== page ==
To lengthen a pattern piece, first use a ruler to extend the grainline across the L/S lines.


Cut the piece apart between the L/S lines.


Place a strip of paper behind the upper half (you can use scraps of pattern tissue) and tape in place. Use a ruler to draw a line below and parallel to the upper L/S line. Draw another line down extending the grainline.


Tape the lower half in place, using the drawn lines as a guide. The lower L/S line should be lined up with the horizontal drawn line. Trim excess paper, blending any jagged edges.


Just like size blending, if you lengthen or shorten, remember to adjust all affected pattern pieces (ex. both skirt pieces, all bodice pieces).

redrawing button placement

If you’re making Version 1 and you lengthen or shorten the bodice, the button placement marks will now be uneven. To fix this, draw a line between the center of the top and bottom button marks, going through the centers of all the other buttons.


Measure this line and divide it by 4, rounding to the nearest 1/8”. Starting at the top, mark along the line in this increment (you should end up marking three times). Draw new button placement circles around your marks.


Repeat for the second column of buttons.

Make a muslin


I know it seems like a drag, and you just want to get to the fun stuff, but making a muslin (also called a toile) is really worth it, especially on a garment with princess seams. I would highly recommend making a muslin before trying any bust alterations.

When making a muslin, there is no need to do any seam finishing or lining. You’ll still want to backstitch at the beginning and end of each seam, but use a long stitch length to make it easier to seam rip if necessary. It’s also helpful to stitch along the neckline at 5/8”. This not only helps you visualize where the finished neckline will be, it also prevents that edge from stretching out when you try it on.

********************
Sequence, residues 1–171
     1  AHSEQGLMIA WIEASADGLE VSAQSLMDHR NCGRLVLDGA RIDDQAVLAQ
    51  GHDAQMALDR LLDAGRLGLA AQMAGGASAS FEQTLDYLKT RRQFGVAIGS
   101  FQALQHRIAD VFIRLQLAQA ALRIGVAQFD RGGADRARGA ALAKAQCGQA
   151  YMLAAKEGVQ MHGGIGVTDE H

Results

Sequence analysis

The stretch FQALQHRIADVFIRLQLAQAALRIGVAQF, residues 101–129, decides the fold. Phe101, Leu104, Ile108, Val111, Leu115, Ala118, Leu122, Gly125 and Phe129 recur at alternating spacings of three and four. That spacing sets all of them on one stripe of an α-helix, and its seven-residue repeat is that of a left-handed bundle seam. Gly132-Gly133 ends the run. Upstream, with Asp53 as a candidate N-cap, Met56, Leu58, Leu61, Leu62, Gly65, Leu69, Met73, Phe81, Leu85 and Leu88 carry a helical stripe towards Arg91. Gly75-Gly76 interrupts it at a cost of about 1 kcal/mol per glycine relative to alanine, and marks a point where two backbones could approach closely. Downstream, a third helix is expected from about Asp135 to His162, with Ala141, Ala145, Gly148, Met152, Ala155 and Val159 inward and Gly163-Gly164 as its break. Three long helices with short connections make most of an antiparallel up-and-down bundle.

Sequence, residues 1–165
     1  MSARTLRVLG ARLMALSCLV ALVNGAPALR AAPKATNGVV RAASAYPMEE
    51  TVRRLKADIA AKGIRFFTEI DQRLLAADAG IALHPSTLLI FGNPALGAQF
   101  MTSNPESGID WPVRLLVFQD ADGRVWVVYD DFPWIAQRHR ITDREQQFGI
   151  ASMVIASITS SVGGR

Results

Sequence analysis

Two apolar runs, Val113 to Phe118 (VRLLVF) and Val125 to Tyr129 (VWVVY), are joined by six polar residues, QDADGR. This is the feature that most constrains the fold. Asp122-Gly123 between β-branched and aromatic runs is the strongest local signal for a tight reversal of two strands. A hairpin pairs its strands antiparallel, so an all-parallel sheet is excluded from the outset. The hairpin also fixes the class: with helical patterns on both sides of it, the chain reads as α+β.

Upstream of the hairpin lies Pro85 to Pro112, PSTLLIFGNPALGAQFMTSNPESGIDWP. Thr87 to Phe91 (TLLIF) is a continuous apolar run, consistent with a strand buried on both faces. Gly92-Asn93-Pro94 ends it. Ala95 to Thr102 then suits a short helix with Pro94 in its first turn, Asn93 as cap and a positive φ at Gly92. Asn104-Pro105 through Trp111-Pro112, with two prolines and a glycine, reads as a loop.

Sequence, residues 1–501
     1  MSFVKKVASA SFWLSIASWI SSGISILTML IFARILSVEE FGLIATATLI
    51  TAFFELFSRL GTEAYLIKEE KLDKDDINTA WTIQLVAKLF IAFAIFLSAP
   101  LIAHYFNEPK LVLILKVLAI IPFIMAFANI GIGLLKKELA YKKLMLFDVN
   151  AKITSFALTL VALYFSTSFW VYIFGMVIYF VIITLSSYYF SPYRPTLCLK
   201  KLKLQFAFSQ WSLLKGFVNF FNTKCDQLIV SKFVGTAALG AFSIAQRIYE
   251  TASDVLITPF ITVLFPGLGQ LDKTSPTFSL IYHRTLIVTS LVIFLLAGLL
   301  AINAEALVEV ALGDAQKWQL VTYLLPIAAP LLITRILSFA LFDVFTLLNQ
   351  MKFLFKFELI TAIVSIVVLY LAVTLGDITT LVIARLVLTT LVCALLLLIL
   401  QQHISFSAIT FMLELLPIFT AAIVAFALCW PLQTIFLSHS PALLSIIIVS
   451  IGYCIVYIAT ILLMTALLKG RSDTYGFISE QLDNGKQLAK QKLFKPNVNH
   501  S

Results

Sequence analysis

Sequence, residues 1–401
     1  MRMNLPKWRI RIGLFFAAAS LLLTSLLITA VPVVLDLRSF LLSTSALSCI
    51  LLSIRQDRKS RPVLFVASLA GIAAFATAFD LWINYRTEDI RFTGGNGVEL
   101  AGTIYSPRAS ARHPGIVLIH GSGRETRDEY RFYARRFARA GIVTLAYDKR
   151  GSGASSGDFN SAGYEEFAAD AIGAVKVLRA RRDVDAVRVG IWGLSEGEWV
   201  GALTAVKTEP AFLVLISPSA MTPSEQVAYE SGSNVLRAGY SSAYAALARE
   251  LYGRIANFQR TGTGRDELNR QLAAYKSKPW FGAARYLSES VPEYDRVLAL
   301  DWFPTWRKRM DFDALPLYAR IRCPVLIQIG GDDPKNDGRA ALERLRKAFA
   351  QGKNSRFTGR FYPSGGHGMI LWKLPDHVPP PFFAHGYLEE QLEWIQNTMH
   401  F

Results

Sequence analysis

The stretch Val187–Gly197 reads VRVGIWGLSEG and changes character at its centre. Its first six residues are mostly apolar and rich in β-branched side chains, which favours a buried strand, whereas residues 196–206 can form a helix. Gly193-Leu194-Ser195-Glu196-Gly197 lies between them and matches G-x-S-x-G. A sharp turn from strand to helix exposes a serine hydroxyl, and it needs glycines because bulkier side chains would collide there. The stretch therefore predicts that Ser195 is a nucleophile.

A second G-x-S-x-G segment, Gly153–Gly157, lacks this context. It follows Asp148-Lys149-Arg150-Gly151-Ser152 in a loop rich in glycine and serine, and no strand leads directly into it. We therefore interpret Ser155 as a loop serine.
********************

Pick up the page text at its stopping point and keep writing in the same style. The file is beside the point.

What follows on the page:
If you haven’t done much to the skirt, you can get away with making a muslin of just the bodice.

Skirt or not, you should install a zipper in the back. If you use long basting stitches, it’s easy to rip out the zipper to use in your final dress.

If you’ve never done a zipper before and want to wait until that post in the sewalong to attempt one, have a friend pin you into the muslin 5/8″ in along the back edge.

Check back on Thursday when we cover bust adjustments!

Comment below with any questions!

The Phoebe Sewalong

  1. Welcome to the Phoebe Sewalong! (25 Comments)
  2. Gather Fabric and Supplies (32 Comments)
  3. Basic Fitting Guidelines (19 Comments)
  4. Bust Adjustments – Sizes 0-16 (6 Comments)
  5. Bust Adjustments – Sizes 18-26 (8 Comments)
  6. Shoulder Adjustments
  7. Cutting and Prep (5 Comments)
  8. Darts, Princess Seams, Shoulder Seams (7 Comments)
  9. Attaching Bodice Lining and Skirt – Version 1
  10. Attaching Bodice Lining and Skirt – Version 2 (5 Comments)
  11. Insert the Zipper (4 Comments)
  12. Buttons and Hem
  13. Your Phoebes!



Nobody ever seems to address those of us that have hips and bust the same but a larger size waist, due to pot belly shape. My own measurements being bust 8, waist 12, hips 8. I was planning a toile to be on the safe side. But any info would be great. Thankyou

You can follow the “blending sizes” section above to cut from an 8 at the bust to a 12 at the waist, and then from a 12 at the waist back to an 8 at the hips. And yes a toile is a good choice!


This might go down as one of the dumbest questions ever posed during a sewalong, but if I am temporarily taking a medication that makes me horribly bloated, I should just wait until after I’m off the medication to do any fitting for this project, right?

There are no dumb questions! And it sounds like, yes, you should wait until after you finish your medication. That’s what I would do!